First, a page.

Jury awards $6M to woman in medical lawsuit

Sally Clawson suffered brain damage after having outpatient back surgery in March 2007.

DAYTON — A Montgomery County jury awarded $6.3 million to a Springfield woman who suffered permanent brain injuries after an outpatient back surgery in March 2007.

Sally Clawson, 59, now must live with her son, Michael, in Springfield, who has power of attorney. She can walk, but has such little short-term memory that she gets lost if she leaves the house, Cleveland-based attorney Jay M. Kelley said Tuesday, Oct. 20.

Kelley and partners Phillip Kuri and Egan Kilbane represented Clawson and her son at trial.

She suffers seizures, cannot speak, and requires help eating as “people have to help her to actually chew,” Kelley said.

On Friday, the jury found Dr. Lawrence Rothstein and his employer, Riverview Health Institute, 1 Elizabeth Place, liable for her injuries. The jury heard two weeks of testimony, then deliberated seven hours .

The jury decided another physician, Cara Perez, and a nurse, Linda Wiles, were not liable.

Neither Rothstein nor Riverview Health Institute has malpractice insurance, according to court records.

“This is not the outcome anybody wants,” said attorney Michael Lyon of Cincinnati, who represented Rothstein. He called the Clawson family “some of the finest, nicest people I’ve ever met.”

An appeal would be filed because “there’s a couple of rather provocative and complex legal issues that the court of appeals needs to address,” Lyon said.

Attorney David Lockemeyer of Cincinnati, who represented Riverview Health Institute, could not be reached for comment.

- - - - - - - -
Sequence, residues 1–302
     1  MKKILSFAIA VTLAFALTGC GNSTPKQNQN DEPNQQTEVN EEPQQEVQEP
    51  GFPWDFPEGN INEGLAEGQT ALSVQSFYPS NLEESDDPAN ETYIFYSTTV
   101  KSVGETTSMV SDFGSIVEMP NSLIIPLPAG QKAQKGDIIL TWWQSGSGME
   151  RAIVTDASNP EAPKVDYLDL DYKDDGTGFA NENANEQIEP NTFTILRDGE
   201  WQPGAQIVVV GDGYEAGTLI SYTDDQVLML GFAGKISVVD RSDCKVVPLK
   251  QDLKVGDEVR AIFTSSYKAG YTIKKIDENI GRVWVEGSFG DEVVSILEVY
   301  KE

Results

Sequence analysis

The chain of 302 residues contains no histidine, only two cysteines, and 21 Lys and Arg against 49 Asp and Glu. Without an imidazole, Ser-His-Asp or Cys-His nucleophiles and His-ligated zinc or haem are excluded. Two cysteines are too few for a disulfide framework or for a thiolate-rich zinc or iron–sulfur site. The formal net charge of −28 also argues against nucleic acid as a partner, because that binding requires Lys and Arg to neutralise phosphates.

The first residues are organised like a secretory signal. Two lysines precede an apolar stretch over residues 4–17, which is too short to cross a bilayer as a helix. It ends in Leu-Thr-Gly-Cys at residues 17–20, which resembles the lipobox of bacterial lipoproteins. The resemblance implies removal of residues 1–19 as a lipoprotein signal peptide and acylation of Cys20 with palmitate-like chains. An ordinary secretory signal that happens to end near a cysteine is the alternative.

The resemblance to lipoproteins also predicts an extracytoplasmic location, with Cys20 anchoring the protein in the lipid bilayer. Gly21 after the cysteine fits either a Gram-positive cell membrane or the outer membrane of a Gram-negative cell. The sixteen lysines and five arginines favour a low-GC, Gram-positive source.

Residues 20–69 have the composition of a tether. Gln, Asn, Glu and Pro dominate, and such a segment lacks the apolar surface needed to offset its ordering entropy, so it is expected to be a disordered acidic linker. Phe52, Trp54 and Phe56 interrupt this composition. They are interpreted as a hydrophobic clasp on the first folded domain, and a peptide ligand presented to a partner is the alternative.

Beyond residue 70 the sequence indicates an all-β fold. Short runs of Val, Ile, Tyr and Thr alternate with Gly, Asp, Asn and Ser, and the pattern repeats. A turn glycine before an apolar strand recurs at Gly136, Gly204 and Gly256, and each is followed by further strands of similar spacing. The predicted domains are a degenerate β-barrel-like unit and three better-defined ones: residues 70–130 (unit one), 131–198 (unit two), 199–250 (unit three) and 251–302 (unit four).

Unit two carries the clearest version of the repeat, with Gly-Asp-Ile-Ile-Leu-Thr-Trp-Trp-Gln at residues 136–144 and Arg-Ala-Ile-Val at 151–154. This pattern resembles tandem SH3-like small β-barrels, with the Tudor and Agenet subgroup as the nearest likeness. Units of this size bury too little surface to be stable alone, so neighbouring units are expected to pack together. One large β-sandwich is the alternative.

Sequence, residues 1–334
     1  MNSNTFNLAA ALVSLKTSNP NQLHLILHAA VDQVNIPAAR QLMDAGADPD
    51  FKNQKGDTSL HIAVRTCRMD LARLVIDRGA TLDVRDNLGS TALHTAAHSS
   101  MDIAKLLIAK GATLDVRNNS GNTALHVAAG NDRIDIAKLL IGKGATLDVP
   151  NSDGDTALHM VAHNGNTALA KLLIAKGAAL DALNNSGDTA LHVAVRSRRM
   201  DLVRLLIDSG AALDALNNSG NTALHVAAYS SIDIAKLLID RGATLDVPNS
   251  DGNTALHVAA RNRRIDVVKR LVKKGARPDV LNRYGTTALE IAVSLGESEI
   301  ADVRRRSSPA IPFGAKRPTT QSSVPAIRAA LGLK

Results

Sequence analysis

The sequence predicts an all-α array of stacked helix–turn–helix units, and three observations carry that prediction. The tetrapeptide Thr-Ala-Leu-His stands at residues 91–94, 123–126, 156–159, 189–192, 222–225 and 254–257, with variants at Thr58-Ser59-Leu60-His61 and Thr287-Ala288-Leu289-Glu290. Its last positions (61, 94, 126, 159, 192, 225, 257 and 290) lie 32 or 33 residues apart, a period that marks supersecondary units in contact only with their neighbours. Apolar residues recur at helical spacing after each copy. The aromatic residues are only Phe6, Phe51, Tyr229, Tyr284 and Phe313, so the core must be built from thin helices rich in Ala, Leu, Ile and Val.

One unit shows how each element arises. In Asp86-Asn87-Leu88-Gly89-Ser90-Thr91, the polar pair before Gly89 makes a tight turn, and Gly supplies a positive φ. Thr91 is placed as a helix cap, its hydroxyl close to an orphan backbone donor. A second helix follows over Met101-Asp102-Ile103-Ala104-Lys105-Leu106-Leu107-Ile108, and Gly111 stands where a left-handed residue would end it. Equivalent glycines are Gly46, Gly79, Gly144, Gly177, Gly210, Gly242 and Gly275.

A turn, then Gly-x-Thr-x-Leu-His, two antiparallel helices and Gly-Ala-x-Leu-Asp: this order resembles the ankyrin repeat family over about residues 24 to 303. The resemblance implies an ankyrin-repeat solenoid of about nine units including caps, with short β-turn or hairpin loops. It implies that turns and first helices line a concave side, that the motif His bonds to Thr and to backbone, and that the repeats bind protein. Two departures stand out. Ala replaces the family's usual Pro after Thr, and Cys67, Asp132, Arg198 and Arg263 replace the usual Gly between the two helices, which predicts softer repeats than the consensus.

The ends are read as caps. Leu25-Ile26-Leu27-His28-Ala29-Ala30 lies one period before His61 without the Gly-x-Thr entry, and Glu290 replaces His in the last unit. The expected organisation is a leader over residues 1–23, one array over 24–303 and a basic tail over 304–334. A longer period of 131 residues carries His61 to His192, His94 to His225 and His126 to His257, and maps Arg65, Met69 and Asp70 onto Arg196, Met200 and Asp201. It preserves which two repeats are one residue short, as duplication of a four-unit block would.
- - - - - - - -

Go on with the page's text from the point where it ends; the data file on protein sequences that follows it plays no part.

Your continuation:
Clawson had a 30-minute laser procedure March 2, 2007. While in recovery just after 1 p.m., she complained of pain. Rothstein prescribed 20 mg of morphine in the first 60 minutes, then 20 mg of Valium, a mix Kelley said can create high risk for respiratory problems.

She started vomiting, so she was given additional medications. At 2:45 p.m., she became “nonresponsive to verbal stimuli” and had a “wild look in her eyes,” according to the medical records.

During the next 53 minutes, she drifted in and out of consciousness. At 3:38, a second physician intubated her, allowing more oxygen into her lungs. Had the doctors intubated her before 3 p.m., Clawson would have avoided the profound brain injury, Kelley said.

The verdict allows for:

  • $4 million for future medical care, $73,000 for past care.
  • $182,000 for future lost wages, $50,000 for past lost wages.
  • $1.25 million for past and future pain and suffering.
  • $500,00 for loss of ability to perform daily activities.
  • $250,000 for a consortium claim by her son.

About the Author